Last night I went to ‘Men Overboard: Blokes, Wimps and Mates’ at The Wheeler Centre. The focus of the panel was to ask what it means to be a male in the 21st century. Clementine Ford chaired the panel. She opened the evening by suggesting that masculinity in today’s society equates once again with physical strength. She invited her fellow panellists to discuss what they perceive to be the current ideals of masculinity and whether today’s society has taken a step forwards or backwards. Clementine ended her brief introduction by quipping about her position as emcee by paraphrasing Tony Abbot – ‘there are at least three men in my family so I am qualified to lead them’.
Benjamin Law referred to his collection of personal essays, The Family Law, to discuss his experience of masculinity anxieties he had growing up, which he said were primarily about his physicality. He jokingly referred to himself as an ‘Asian hybrid man-child thingy’, as he has full lips and developed a deep voice and a complete lack of forearm hair. Benjamin commented that ‘Gay Australia’ is ‘incredibly white and ‘people would never suspect you could be a racial minority and gay’. He argued that the problem with any questions of masculinity is that ‘how we present as masculine or feminine is always someone else’s business’.
Jennifer Granger referred to her book Feminine Lost – Why Most Women are Male to argue that men and women are made up of both masculine and feminine qualities, and the combination of masculine and feminine features determines how we interact with the world. She believes what happens to women will have a corresponding effect on men, and vice versa. She described the emergence of what she sees as a ‘highly feminine man’, who doesn’t enjoy confrontation, has difficulty facing decisions and is receptive (but does not initiate). Jennifer believes there is a masculine and feminine role in every heterosexual relationship and a ‘butch’ and ‘feminine’ role in every homosexual relationship. She also categorised the ‘macho man’ as ‘almost Neanderthal’, and the ‘pseudo-masculine’ as a man nursing wounds from unfairness of loss of privilege after the rise of the powerful woman.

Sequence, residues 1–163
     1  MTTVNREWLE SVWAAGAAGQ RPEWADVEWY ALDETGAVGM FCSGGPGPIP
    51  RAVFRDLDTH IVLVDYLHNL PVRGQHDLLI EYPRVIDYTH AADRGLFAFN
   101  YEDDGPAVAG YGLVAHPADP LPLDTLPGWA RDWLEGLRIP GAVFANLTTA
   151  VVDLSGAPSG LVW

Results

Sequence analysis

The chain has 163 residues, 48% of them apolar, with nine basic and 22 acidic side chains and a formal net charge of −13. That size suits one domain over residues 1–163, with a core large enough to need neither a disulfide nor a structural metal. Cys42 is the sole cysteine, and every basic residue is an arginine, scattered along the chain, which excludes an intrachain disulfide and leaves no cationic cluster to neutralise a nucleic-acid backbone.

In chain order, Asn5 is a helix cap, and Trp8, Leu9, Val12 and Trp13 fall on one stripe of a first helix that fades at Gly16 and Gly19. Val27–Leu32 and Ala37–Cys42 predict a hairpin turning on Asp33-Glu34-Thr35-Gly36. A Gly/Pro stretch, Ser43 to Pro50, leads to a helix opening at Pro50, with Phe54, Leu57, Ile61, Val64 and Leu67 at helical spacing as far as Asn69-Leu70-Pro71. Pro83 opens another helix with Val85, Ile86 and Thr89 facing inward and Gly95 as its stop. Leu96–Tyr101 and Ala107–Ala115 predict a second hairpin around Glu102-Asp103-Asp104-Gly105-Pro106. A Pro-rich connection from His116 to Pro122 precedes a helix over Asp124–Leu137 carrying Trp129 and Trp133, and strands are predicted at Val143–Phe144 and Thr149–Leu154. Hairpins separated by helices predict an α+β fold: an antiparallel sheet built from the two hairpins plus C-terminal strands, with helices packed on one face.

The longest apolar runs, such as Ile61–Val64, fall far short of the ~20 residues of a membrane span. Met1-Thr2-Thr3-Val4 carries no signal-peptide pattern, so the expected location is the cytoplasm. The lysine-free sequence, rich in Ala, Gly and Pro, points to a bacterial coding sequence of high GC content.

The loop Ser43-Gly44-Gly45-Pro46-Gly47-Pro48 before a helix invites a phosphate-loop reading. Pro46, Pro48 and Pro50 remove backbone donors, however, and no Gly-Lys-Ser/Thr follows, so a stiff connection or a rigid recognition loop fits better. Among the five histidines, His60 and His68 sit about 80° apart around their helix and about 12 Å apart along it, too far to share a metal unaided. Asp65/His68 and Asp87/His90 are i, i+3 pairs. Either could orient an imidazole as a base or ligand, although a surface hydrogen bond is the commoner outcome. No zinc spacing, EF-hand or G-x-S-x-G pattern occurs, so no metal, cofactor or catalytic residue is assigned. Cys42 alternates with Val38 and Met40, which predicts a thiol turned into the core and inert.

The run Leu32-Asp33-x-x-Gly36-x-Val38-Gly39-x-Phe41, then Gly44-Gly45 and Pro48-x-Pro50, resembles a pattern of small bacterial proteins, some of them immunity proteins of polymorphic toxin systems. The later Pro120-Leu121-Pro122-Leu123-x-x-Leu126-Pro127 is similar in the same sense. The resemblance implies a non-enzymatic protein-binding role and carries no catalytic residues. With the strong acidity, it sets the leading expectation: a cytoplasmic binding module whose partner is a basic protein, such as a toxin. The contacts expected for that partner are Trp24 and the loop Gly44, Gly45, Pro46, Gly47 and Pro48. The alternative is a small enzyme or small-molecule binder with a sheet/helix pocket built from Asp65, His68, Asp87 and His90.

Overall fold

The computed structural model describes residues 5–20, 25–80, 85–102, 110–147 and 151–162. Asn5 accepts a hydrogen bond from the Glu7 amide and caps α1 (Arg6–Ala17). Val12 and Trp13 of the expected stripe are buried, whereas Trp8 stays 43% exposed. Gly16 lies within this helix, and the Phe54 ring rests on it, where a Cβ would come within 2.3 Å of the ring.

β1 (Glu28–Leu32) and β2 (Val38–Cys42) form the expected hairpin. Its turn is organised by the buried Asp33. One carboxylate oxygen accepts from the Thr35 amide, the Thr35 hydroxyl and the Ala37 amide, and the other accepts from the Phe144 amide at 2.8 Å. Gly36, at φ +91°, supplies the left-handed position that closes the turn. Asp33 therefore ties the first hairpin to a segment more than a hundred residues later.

Ben Birchall used a slideshow in his presentation, which he titled ‘masculinity 2.0’.
He quipped that he is part of the problem, as he identifies as ‘a masculine man’. Ben believes there currently is a nostalgic view of masculinity, of 1970’s moustached, beer-swigging Dennis Lilly to compensate for the previously idealised super-buffed and preened David Beckham world. Mateship is paramount in this nostalgic masculinity, which involves sport and a ‘fetishism’ of ‘male time’ away from women. Ben suggests this type of masculinity is just as rigid as its predecessor. Fatherhood ‘allows you to play a masculine role’, prompting Ben to explore what masculinity means to him and to ask himself how he can raise a good son. Ben believes masculinity is an impossible archetype. He said 1 in 8 men suffer depression, men are twice as likely to self-medicate, and 80 percent of suicides are men. Ben believes ‘manhood is too hard to define’, and if men were ‘concentrating less on being better men, it might free them to be better people’.